Writer Yu Hua shares his thoughts on China’s wealth gap

By Xu Ming Source:Global Times Published: 2015-4-9 19:43:11

Yu Hua speaks at a press conference for his new collection of essays We Live in a Huge Gap in January in Beijing. Photo: Courtesy of Thinkingdom House

One side shows an extravagant and dazzling downtown scene, while the other depicts a grey area of broken walls and shabby shelters. A striking white scar runs down the middle to drive home the point of the sheer contrast between these two scenes. The realistic cover of Chinese writer Yu Hua's new book tells readers that above all his book is about the current reality of China.

Titled We Live in a Huge Gap, Yu's newly published book boasts a collection of his essays written over the past 10 years and published together for the first time ever. A reflection and summary of Yu's experiences with writing and life over the past decade, Yu's essays look at society, reality, literature and culture, to name just a few, with his unique and penetrating style of observation.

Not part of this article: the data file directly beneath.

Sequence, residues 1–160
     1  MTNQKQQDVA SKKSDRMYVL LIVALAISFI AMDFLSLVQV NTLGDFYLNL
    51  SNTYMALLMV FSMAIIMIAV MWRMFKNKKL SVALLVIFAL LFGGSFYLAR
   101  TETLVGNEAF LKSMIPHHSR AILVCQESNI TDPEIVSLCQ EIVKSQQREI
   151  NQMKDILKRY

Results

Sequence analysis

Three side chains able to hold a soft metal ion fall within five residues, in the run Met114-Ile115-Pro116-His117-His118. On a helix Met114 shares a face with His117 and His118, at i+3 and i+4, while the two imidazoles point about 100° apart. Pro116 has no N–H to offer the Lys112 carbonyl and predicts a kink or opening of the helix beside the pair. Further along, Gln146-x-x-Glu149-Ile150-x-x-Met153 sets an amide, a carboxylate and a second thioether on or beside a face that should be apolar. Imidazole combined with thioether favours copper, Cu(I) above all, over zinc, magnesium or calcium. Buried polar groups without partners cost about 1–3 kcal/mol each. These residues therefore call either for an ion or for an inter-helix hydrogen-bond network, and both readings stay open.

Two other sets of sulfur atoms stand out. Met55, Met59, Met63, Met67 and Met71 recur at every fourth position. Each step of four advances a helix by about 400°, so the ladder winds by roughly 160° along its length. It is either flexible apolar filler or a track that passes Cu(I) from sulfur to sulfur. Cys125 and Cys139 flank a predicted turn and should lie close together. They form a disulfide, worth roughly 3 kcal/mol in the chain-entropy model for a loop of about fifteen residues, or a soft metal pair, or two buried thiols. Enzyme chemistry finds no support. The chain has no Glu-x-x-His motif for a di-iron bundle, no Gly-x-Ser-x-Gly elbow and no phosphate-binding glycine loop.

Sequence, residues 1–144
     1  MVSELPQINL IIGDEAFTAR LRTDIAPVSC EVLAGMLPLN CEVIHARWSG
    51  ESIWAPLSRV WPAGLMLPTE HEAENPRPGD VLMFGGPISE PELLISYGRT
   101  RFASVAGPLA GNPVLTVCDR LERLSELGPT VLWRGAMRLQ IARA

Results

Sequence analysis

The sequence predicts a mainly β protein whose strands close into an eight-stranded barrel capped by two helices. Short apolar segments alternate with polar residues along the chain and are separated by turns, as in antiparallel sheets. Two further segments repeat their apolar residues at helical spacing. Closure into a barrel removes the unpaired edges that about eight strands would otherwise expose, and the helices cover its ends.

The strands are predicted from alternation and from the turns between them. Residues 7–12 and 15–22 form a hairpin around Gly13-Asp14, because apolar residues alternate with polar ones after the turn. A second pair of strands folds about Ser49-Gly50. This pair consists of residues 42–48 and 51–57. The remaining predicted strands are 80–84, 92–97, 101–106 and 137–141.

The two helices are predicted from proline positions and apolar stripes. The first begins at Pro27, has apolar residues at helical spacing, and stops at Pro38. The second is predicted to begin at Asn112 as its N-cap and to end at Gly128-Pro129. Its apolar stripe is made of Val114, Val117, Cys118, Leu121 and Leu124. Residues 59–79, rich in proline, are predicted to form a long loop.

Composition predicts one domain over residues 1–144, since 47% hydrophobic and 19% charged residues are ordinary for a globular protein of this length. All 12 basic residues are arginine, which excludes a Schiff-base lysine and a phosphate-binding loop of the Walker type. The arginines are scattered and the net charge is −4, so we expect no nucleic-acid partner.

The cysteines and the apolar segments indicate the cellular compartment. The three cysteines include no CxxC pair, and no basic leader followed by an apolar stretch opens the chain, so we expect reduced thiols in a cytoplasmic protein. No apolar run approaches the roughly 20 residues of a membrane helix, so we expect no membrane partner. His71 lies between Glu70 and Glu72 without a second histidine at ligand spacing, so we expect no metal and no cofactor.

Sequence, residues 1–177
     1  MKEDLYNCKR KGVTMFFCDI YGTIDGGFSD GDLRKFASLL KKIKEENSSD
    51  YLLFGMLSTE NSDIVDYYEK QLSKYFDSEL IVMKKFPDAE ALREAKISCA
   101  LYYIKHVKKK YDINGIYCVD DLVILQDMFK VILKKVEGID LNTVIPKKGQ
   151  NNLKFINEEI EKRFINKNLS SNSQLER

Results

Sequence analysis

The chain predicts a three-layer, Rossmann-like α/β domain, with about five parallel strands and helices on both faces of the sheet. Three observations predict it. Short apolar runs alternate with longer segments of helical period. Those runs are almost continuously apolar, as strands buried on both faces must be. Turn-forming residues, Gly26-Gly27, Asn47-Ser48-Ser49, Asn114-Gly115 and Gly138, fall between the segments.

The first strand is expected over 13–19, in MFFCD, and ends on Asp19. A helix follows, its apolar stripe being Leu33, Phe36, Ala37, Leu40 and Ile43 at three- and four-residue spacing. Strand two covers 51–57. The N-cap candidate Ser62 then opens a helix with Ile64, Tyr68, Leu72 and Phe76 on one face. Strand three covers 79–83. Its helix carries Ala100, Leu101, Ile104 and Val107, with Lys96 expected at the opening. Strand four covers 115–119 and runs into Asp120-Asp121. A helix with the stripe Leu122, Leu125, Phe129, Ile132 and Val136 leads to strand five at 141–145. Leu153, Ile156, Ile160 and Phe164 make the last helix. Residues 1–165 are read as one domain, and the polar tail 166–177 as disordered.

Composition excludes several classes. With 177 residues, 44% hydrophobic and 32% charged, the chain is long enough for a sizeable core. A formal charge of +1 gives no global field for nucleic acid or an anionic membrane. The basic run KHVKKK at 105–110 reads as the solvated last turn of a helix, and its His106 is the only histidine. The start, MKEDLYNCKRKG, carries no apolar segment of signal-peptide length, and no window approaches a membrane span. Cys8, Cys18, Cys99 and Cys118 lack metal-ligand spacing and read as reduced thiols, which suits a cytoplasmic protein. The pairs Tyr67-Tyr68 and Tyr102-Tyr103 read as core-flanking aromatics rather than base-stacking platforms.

'Two extremes'

An avant-garde writer, Yu has been reputed for his straightforwardness and ability to get right to the heart of a matter in his novels that directly confront reality and the human soul. His essay collection is no different as Yu doesn't hide his frank nature even a little bit.

His first book after 2013's The Seventh Day, Yu shares many of his ideas about life with readers, thoughts on writing, literature, travel to other countries and even the growth of his son. But among these topics, what most readers have found most memorable are his essays touching on social realities in China.